Groundbreaking Surgery by Greek Canadian Allows Child Amputee to Walk Again

Greek-Canadian surgeon Dr. Panagiotis Glavas. Photo: University of Montreal

Dr. Panagiotis Glavas, a professor of Surgery at the University of Montreal, recently performed an unprecedented technique in pediatric orthopedic surgery which will allow a young patient at Sainte-Justine Hospital to walk once more.

Through a series of complex procedures unprecedented in pediatric orthopedic surgery, Dr. Glavas has made history in restoring full ambulatory capability to “Charlie,” a child with a severe disability.

Charlie was forced to have both his legs amputated at the mid-tibia level in January of 2015 after he had been stricken with a flesh-eating disease at only eighteen months of age.

While the amputation saved the child’s life, the bacteria had still had enough time to infect other cells, particularly those which govern bone growth.

The bones of the amputated legs began to grow again, but outward, rather than downward, at an abnormal angle which made fitting a prothesis difficult and painful.

Charlie, who was increasingly confined to his wheelchair, had essentially given up any hope of one day walking again.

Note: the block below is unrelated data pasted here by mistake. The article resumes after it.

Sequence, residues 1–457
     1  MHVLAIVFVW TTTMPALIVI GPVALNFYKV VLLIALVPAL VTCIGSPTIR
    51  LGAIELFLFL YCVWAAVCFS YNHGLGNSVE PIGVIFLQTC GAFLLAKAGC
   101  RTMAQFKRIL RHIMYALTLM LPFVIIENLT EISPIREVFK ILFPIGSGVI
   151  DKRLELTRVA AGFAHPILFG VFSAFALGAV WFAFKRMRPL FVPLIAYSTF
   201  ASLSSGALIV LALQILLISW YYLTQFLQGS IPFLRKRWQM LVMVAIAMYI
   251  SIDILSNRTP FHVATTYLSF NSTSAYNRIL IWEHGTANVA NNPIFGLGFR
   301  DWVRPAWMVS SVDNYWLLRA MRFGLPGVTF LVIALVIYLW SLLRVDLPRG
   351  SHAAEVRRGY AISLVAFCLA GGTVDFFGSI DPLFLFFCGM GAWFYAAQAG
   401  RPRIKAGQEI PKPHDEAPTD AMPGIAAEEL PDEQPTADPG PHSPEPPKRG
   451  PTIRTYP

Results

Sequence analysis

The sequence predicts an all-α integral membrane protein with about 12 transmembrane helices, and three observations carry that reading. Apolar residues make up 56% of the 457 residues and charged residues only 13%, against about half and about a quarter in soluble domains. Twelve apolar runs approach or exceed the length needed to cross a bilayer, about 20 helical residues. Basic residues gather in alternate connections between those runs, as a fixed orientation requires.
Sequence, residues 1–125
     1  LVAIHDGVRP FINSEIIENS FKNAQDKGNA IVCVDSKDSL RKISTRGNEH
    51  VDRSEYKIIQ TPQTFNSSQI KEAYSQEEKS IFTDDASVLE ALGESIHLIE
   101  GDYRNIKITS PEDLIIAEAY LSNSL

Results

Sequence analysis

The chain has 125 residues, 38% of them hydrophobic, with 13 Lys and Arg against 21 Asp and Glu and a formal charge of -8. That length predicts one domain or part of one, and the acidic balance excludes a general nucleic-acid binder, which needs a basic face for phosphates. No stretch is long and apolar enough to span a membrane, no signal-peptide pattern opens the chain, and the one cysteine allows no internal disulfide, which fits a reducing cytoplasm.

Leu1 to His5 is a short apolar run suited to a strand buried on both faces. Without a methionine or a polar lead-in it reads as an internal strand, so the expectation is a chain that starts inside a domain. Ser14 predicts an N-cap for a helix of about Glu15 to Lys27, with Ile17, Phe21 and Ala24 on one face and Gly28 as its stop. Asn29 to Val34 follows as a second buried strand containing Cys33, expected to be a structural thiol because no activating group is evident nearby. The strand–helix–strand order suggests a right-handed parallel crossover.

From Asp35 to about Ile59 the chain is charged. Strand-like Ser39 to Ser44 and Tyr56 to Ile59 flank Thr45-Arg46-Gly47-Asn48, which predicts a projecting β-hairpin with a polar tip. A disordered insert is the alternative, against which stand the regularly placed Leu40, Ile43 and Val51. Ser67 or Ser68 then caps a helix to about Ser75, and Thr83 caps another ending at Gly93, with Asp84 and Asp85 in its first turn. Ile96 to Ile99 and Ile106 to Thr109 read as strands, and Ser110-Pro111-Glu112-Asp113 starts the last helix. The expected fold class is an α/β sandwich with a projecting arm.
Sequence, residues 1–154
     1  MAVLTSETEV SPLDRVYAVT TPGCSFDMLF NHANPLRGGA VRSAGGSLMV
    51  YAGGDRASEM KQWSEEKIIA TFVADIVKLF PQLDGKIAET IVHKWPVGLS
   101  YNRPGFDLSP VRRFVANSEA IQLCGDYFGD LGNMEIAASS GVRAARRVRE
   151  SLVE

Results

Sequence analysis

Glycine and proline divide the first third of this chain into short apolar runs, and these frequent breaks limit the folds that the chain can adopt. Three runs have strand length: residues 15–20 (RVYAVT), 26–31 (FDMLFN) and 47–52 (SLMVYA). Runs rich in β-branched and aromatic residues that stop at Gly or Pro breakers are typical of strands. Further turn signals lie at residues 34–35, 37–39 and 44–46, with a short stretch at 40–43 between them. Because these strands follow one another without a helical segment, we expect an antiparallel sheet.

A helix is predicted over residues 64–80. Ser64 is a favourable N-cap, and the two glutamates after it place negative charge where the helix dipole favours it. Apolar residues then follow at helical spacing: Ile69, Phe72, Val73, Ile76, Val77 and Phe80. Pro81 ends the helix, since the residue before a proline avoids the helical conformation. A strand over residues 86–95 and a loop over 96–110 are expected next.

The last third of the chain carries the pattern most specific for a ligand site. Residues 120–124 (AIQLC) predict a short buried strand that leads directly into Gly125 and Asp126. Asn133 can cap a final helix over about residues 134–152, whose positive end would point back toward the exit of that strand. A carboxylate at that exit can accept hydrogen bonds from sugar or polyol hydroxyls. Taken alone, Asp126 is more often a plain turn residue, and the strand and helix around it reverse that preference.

“There was a three-dimensional deformation at the end of what was left of his leg and we could not reconstruct and realign using traditional methods,” Dr. Glavas explained. “So we decided to call in all the technology we now have access to.”

The surgeons used a 3D printer to create a cutting guide — an implant fixed directly on the tibia during surgery — to precisely reproduce the correction to the bone, which was determined during a pre-op simulation.

The surgical team also used the printer to create a titanium plate to connect two sections of Charlie’s left tibia, since no prefabricated plate could be fitted to Charlie’s particular bone growth.

Given the success of this surgery, Charlie’s right leg will also undergo the same procedure soon. The groundbreaking new technique offers new possibilities for a range of other surgeries, particularly those involving young patients.

“I’m starting to use it a little more now, given that we have such precision, to correct angular deformations,” said Glavas. “I think it will become more and more common to produce made-to-measure implants, particularly in pediatrics, since children come in all sizes.”